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Showing posts from December, 2015

Statue of Amenhotep III recovered near Edfu

A black granite statue of the Egyptian pharaoh Amenhotep III has been recovered by police — Archaeology Magazine (@archaeologymag) December 31, 2015

A black granite statue of the Pharaoh Amenhotep III has been recovered during a police operation to recover weapons and drugs at Al-Nakhi in Egypt (Archaeology magazine).

Further details can be found at ahramonline (Nevine El-Ahref, "King Amenhotep III statue accidently recovered in Edfu", December 31, 2015).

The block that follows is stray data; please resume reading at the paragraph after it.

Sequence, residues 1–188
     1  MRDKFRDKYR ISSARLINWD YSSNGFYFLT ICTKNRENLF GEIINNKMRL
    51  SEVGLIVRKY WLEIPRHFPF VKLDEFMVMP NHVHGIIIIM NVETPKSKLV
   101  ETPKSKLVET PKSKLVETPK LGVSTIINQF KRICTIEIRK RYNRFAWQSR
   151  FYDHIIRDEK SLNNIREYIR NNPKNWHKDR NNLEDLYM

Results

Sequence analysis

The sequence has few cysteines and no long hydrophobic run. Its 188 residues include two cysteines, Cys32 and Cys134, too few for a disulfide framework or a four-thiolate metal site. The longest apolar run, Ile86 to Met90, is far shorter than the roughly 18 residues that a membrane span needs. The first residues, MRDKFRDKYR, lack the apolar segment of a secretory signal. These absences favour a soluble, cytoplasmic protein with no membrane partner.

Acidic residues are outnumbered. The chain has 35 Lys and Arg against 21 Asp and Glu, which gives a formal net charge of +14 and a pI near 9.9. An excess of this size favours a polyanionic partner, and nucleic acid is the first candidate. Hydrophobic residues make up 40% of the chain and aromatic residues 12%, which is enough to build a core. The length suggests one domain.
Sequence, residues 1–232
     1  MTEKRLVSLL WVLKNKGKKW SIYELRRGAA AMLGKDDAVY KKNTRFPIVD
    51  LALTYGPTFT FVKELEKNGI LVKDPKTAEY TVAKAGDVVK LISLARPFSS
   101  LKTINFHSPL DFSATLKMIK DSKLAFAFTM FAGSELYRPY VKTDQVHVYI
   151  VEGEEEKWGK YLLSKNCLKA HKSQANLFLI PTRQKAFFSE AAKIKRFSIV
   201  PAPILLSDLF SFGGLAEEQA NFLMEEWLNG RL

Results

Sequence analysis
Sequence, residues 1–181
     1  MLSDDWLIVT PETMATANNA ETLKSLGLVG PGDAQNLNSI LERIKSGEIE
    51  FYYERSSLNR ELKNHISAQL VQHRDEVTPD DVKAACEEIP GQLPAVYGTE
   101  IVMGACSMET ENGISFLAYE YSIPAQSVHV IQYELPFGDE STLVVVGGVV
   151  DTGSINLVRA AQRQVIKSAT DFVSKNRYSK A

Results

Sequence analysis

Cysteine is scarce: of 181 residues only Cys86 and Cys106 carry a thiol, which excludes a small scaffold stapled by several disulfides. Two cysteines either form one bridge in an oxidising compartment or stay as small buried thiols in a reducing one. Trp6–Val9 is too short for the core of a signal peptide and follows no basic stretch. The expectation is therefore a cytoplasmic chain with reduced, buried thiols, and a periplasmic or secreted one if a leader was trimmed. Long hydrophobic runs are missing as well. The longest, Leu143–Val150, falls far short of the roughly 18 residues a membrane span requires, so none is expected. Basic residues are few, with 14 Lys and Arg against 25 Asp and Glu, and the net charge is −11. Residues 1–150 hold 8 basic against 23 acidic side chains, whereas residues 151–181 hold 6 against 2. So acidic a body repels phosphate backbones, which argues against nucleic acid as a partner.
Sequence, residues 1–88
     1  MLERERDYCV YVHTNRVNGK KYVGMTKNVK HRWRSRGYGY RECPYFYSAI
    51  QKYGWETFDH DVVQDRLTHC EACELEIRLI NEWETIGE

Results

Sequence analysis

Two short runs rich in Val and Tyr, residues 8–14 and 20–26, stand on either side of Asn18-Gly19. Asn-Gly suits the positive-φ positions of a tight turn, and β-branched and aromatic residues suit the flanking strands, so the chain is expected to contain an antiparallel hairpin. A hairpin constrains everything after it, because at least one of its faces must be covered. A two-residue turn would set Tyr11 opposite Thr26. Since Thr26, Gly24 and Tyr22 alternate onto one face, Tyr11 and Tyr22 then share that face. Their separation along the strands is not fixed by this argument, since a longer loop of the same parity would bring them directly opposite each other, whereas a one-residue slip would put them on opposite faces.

Celebrations in Kilmartin

The New Year's Honours List 2016 includes Dr Sharon Webb of the Kilmartin Museum for her services to heritage and archaeology in Scotland. I would like to add my congratulations to Sharon and the Kilmartin team.

For further information see Heritage Futures.

Bradwell Saxon Shore Fort looted

The Roman fort at Bradwell on Essex formed part of the Saxon Shore series of fortifications stretching from Portchester in Hampshire to Brancaster in Norfolk. The site of Bradwell is stunning with its views over the Essex salt marsh. A Saxon chapel was built over the fort's west gate and includes reused Roman material.

It now appears this historically significant site has been the target of metal-detectorists. It is reported today (Cahal Milmo, "'Nighthawks': Tracking the criminals plundering ancient sites with the latest equipment", The Independent December 30, 2015):